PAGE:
“It is important to let the community know that we do not tolerate bias-motivated crimes in this community, that we support communities that have been maligned, harassed and intimidated and abused,” he said. 

The district attorney declined to speak about law enforcement’s prior interactions with the gunman. Allen also declined to address Colorado’s red flag gun law, which authorizes judges to order the temporary seizure of firearms from some people deemed a significant risk to themselves or others, saying that the DA’s office doesn’t have a role in it. 

“It has to be initiated by law enforcement or a member of the public. Not the DA’s office,” he said.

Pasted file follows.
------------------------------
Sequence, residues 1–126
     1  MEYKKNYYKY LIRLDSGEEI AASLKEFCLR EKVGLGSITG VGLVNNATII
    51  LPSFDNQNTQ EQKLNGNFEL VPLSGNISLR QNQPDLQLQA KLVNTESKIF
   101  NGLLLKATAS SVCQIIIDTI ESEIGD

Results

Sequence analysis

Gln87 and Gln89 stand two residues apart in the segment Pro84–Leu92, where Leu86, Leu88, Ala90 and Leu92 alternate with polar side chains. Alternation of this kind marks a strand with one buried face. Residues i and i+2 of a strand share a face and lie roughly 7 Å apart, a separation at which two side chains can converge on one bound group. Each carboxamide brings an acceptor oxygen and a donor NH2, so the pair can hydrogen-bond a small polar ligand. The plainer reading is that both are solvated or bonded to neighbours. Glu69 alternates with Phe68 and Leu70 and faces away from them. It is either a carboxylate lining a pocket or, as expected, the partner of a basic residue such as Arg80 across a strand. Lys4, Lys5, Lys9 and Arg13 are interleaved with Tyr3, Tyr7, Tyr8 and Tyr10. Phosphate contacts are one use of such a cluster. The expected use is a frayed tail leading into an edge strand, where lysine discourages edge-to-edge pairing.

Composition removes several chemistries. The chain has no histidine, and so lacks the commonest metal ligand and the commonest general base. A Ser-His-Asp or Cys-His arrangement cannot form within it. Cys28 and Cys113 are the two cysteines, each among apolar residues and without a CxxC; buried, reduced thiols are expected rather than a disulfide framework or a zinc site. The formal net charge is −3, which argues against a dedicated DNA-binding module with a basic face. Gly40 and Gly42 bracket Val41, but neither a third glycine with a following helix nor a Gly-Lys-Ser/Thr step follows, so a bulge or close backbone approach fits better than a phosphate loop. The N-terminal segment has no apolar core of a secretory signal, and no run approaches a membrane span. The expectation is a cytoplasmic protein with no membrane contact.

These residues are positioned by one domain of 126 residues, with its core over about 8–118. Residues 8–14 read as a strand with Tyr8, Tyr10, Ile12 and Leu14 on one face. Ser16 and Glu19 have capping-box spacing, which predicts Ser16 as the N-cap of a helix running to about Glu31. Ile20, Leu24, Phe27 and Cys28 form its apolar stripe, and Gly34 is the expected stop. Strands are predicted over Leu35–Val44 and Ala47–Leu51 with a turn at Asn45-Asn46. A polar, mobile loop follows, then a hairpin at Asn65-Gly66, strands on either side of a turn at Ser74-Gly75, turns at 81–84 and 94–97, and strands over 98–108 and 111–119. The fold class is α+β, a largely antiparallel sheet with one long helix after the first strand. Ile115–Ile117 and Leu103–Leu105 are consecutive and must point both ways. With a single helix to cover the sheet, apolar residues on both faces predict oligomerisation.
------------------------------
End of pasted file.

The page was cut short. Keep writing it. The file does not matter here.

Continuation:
A man by the same name as the accused shooter was arrested in June 2021 on felony menacing and kidnapping charges, but prosecutors did not pursue charges, a decision that Allen also declined to address.

Suthers said he hopes law enforcement takes advantage of the red flag law in “appropriate circumstances.” 

“I don’t run a law enforcement agency. But that would be my advice to law enforcement agencies,” Suthers said. “I would caution against an assumption that the circumstances of this case would lead to an application of red flag law. We don’t know that.”

Police Lt. Pamela Castro urged those at the club at the time of the shooting to contact the department. 

“We know there were more people at the club and we would really like to speak to them,” Castro said.  

Details about the injuries to victims who survived the shooting were beginning to emerge Monday. Family and friends said some received multiple gunshot wounds.